GTA San Andreas [REVIEW]

Platform: Xbox Series X
Version Origin: Original Xbox Platinum Hits Disc
Version Played: Xbox 360 Remaster
TV: TDL 4K HDR 55"
Audio: Pioneer 5.1 Stereo


What a mess of a way to experience this bit of gaming history, buuut I ran through it last month, so here is a review of it. I will include passing comparisons to both the 1st version (on the PS2/Xbox) and the latest Definitive Edition but the "official" review will be of the 2014 "Remaster" digital copy.

Okay, let's start there. Playing older games on modern consoles is both a holy blessing and a goddamn curse. Inserting an old Xbox disc into the Series X and watching it go fetch a digital copy of the game is sometimes euphoric because you know that you'll get to see a prettied-up HDR version with no load times. The catch with San Andreas? You are going to get the 360 Remaster, which (to my understanding) is the iOS mobile port.

The high-level view of the differences is that the yellow-hue/smog/heat atmosphere from the original (particularly from the PS2) has been scrubbed out along with a lot of songs. The excellent pause menu, (which is an absolute hallmark of Rockstar games), is butchered. My assumption is that it had to be more mobile-friendly and they didn't bother putting the old menu back in place. The menu on the original PS2 and Xbox versions of the game is beautiful in its design. Useful, easy to use, and pretty. In other words, it "fits." The 360 version is a gaudy mess.

It's sort of silly to split hairs on a video game story so I'll give this a perfect 10. It takes you on a journey through the '90s and Carl Johnson's little corner of Los Angeles. There are ups, downs, and loops. It's pretty impressive that R* weaved a tale here that just about everyone playing could relate to. Maybe it isn't yet fully understood as to how you could be from a farm in Indiana or the suburbs in Ohio and could get into the main character and story. The era did have mass appeal, I suppose. CJ's story of personal growth while maintaining a strong foundation plays out well. The pitfalls of both greed and loyalty are bookended by his brother and friends in Grove Street and for the majority of the game you bounce in between. It's well done and zips along, even when you are doing side tasks.

Nothing in this version of the game is too terribly hard to get through. There are added checkpoints and using a modern controller helps, so if you want a more "reasonable" experience, then this remaster with work for you on that side of things. Otherwise, objectives in this game feel meaningful and necessary (and fun). It can get tedious when you get out into the country in the 2nd quarter of the game, but just enjoy the ride.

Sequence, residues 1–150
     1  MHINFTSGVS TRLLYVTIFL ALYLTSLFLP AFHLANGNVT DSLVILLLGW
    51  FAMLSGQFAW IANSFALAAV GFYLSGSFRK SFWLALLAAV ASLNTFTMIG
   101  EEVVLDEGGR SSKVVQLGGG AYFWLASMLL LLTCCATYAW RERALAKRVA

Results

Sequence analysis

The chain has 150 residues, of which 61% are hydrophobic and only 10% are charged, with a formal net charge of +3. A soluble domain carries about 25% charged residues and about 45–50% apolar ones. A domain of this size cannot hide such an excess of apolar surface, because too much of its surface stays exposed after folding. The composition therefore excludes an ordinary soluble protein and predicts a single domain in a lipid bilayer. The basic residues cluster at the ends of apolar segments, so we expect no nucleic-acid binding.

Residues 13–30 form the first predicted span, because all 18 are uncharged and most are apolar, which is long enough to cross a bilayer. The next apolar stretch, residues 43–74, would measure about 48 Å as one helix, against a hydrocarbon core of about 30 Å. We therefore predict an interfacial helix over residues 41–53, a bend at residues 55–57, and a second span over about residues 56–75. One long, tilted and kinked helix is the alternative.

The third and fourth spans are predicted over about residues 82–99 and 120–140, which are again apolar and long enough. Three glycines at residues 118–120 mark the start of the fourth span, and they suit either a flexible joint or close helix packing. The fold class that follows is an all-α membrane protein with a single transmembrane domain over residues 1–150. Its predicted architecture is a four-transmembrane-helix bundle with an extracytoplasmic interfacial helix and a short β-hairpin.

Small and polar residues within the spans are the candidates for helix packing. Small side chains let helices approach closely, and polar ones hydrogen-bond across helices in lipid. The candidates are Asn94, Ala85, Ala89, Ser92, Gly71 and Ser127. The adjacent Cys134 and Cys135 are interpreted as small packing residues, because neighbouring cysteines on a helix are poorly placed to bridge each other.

IN-GAME ART / DESIGN +5 (10 on PS2)
The artwork and design are in this remastered version but I have to cut the score in half from what it was on the PS2 (and the OG Xbox mostly) where the ambiance and atmosphere are pitch perfect. It isn't in the 2014 version. It isn't in the Definitive Edition, either. In a way, this shows one of R* strengths that other studios completely miss. They understand limitations and work with what they have. They also know how the game is going to be played. Back in the early 2000's it was a CRT. Playing a 2014 remaster now on a 55" 4k TV is so far removed from what it was originally it's absurd. Something else mentioning is the fantastic illustrations that you see during all the load times are minimized on the Series X. I mean, that's good, per se, but those illos were critical to filling in the gaps on the original version and IT WORKED. Ever see that gif of the moving circles then it tells you to look at a Van Gogh? It's like that. Early 2000's R* got it as well. They still get it, particularly with RDR2, but back then the tools were so limited. It's an art in and off itself.

MUSIC AND SOUND +5 (10 on PS2)
It's a legendary soundtrack of 90s hits and the DJ's are funny. The sounds are fine. I like the sort of cartoonish sounds of the weapons because realistic sounds in a game like this (mowing down humans) gets a little much. I know it has changed now, but... I don't know. Topic for another day. This Xbox remaster gets a 5 because a handful of songs are missing from the original version. Is what it is.

This game invented open-world fun. Vice City hinted at it, but San Andreas perfected it. Everything feels "right." Not too loose and cartoonish, not to realistic like a sim. I love that the vehicles feel a lot different from one another. Even compared to today's games, which can get a bit serious, this one just works. Remember fun? It's here.

Of course, it doesn't have the impact it once did, but the soul is there and if you start walking in rhythm with it you'll feel it. The only issue with this version is that you remember the original version, which is better. Same with the recent "definitive" version. It's part nostalgia, but it's also the feel. I can tell when I fire up the Original Xbox version. It "feels" better.

LONGEVITY +0 (10 on PS2)
There is no reason to play this version in 2023 and beyond. I mean, I did, but no reason you should. Play the original on the PS2 or Xbox. Don't have one? You can get a system (either) for about $100. You can probably find a copy of the game at a local thrift store still (I did). Those versions get a 10, because I still play this game. Beyond that, play the Definitive Edition.

I think they (R*) wanted a new version because this 2014 one is sort of caught in the middle (comparatively). The PS2 version shaped an entire industry.

Fun, still!

Perfect. I'm scoring this off the Original Xbox version. The disc box is recognizable, the artwork style is great, included maps are amazing. 



Every other version save for the Original Xbox is somewhere closer to the 63.